Anyway, I have to say more about THE STRANGE DOOR because Eureka! granted me a review copyof their ace Karloff MANIACAL MADNESS set. Fun movie — future Star Trek director Joseph Pevney is turned loose in a lot of standing sets (a cucalorus in every room) with Charles Laughton and Boris Karloff. Laughton seems like he needs a couple-three more takes of every scene to get the lines down, but, aware of the tight schedule, I guess, he ploughs on until “cut” (rather than breaking the scene whenever he feels himself drying, as he did with Sternberg in all those I, CLAUDIUS outtakes). There’s a lot of mad invention and lipsmacking craziness, but punctuated by uncertain pauses where he has to slow himself down and then ramp up the energy again when he remembers what’s next.

Karloff, very solid, reunited with his OLD DARK HOUSE co-star, did not get on with him, as reported by Kim Newman and Stephen Jones in their lively commentary. The suggestion that Laughton’s style was becoming old-fashioned is one I’d take issue with — I’d say “Have you seen ADVISE AND CONSENT?” Or, indeed, ISLAND OF LOST SOULS, which always struck me as a very modern bit of camp villainy. If Laughton seems out of date in THE STRANGE DOOR it’s because the whole film is, the dead end of the Universal Gothic cycle (along with THE BLACK CASTLE the following year). And the man isn’t on top form, though he’s certainly ENGAGED.

The climax, with our heroes trapped in a cell whose walls are inexorably closing in (powered by the water-mill I alluded to in our title), is gripping. Walls closing in always makes for a good, suspenseful scenario — I don’t know why they don’t trot the idea out more often, unless it’s that one so seldom encounters it in daily life.

Books on my floor

Posted in FILM, literature with tags , , , , , , , , , on August 2, 2022 by dcairns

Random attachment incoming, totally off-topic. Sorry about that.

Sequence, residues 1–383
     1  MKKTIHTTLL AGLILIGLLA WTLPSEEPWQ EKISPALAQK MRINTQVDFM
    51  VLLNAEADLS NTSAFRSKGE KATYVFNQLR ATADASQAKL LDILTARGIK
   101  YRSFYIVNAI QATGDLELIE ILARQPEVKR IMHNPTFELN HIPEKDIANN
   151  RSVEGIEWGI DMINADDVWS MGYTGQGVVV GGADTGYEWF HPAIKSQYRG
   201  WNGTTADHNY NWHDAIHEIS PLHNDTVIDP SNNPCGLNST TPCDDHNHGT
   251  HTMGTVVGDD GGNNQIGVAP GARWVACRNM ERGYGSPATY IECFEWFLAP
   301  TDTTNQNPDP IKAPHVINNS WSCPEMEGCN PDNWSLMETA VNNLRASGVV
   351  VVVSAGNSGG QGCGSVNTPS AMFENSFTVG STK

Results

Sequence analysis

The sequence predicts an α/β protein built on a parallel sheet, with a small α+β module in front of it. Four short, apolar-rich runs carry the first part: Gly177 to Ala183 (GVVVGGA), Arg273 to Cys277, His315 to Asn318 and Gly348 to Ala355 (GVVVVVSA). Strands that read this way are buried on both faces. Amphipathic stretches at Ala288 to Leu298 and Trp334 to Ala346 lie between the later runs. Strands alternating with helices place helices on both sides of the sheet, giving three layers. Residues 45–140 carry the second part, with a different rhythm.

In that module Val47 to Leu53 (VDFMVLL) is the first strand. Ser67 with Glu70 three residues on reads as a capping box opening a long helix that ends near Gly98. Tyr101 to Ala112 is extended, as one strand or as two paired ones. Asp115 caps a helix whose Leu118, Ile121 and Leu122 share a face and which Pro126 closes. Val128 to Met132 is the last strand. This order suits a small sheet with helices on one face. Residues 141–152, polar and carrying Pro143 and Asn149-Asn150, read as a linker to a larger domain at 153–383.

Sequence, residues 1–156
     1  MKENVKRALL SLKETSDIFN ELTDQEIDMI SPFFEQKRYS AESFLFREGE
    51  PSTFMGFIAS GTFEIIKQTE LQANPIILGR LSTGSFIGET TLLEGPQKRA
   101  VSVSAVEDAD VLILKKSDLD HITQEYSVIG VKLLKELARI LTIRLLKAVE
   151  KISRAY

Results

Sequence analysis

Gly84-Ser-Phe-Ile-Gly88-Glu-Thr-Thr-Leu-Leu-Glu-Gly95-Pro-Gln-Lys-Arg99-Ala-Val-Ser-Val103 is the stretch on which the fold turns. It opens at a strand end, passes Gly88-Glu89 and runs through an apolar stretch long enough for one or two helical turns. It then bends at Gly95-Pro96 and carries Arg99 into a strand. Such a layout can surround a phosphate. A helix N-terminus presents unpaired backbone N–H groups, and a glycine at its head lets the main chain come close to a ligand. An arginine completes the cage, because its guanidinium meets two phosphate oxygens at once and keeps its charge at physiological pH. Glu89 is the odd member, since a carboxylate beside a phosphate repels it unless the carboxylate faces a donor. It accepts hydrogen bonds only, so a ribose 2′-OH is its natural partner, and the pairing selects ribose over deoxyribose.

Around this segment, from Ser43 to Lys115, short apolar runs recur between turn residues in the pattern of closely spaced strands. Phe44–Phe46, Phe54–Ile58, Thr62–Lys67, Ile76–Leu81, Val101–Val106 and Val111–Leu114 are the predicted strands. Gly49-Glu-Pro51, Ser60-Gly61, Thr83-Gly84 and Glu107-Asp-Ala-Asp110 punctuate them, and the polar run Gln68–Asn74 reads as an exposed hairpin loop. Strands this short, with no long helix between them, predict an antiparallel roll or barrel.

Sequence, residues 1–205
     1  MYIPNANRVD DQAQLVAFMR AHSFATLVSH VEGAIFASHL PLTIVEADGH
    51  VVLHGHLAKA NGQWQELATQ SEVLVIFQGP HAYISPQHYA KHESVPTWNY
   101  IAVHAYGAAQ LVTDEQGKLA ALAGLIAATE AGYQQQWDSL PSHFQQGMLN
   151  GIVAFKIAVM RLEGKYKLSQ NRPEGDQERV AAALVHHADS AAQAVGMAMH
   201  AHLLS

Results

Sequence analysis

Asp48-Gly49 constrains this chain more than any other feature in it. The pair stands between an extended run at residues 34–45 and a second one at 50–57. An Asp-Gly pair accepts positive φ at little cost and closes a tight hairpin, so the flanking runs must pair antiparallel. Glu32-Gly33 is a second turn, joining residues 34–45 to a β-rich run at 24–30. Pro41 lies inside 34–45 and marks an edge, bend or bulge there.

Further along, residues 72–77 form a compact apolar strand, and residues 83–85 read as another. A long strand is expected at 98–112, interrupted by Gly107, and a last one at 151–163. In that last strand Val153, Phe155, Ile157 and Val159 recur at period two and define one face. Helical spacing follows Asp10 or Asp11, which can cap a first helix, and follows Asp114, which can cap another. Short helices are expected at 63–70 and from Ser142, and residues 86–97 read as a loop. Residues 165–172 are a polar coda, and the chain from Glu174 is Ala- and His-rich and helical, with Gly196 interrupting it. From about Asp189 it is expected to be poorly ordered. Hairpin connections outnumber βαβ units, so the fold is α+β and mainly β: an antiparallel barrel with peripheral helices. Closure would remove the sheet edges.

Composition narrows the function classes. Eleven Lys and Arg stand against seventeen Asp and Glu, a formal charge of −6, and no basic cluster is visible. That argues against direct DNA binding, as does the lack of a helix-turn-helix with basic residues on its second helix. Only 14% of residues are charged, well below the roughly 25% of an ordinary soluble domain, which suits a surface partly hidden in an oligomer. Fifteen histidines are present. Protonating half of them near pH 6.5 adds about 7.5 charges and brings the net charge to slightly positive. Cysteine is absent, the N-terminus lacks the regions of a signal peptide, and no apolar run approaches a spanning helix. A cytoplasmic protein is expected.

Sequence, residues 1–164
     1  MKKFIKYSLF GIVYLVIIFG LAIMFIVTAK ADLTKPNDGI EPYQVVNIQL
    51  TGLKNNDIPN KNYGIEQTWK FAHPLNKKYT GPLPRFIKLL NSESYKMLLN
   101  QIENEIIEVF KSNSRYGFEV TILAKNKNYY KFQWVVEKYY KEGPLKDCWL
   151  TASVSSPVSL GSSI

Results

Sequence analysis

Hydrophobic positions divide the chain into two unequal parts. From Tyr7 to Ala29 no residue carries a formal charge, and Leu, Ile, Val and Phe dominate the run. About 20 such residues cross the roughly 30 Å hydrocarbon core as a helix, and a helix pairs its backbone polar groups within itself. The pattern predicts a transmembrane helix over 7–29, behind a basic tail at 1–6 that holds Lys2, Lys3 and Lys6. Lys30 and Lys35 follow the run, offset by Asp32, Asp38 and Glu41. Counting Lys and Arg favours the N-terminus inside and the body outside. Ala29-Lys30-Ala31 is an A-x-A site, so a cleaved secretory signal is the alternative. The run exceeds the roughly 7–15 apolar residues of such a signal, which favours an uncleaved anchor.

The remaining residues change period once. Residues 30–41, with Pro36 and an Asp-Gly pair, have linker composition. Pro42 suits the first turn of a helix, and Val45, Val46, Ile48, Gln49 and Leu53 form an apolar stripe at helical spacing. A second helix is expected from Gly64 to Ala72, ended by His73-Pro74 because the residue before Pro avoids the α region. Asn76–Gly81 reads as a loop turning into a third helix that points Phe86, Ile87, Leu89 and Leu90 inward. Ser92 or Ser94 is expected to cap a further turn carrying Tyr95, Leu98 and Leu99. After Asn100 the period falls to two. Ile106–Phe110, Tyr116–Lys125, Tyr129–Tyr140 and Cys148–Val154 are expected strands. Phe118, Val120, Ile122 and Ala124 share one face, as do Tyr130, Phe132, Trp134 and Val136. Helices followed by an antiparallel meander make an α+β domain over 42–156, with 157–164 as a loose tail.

I did crazy good this week on book purchases —

The Laughton and Altman books came from the All You Can Eat book shop, which is rarely open but always affordable. £1 each. I know Simon Callow’s Laughton book is probably better than Charles Higham’s, but a cursory glance revealed this one to have some merit, and Elsa Lanchester cooperated in it. The Altman book is great and makes me think I should spend a week just catching up with oddities from his long career which have hitherto escaped me, from Combat to THE COMPANY.

I figured I’d read a few snatches of the Laughton — page 17, maybe, and in fact I did read the bit on Sternberg — and then forget it was there, but Fiona grabbed it and devoured it cover to cover so it’s paid its way. Also, there are some wonderful artists’ impressions of the Great Man:

Two by Elsa, and —

One by James Mason and one, a collage, by Brecht.

The Polanski book came from a nearby charity shop. A pretty handsome volume for £5. Polanski provides quotes on each film. There’s not a lot of meat to it — I read it in an afternoon — but it’s glossy and handsome. Many many of the pictures show Polanski doing other people’s jobs — sewing or arranging fights, swinging a log at an outsize opponent.

The Tod Browning one cost the most, from secondhand record-and-bookstore Elvis Shakespeare, a regular stop on my constitutionals. It happened to tie in with a little project I have on the go, so I couldn’t very well pass it up. £15. It’s pretty good — a series of essays on different aspects of Browning’s work. There are some howling factual errors — Roger Corman directing Christopher Lee in DRACULA — but they’re all sort of off-topic. On Browning’s films, the book is informative and insightful.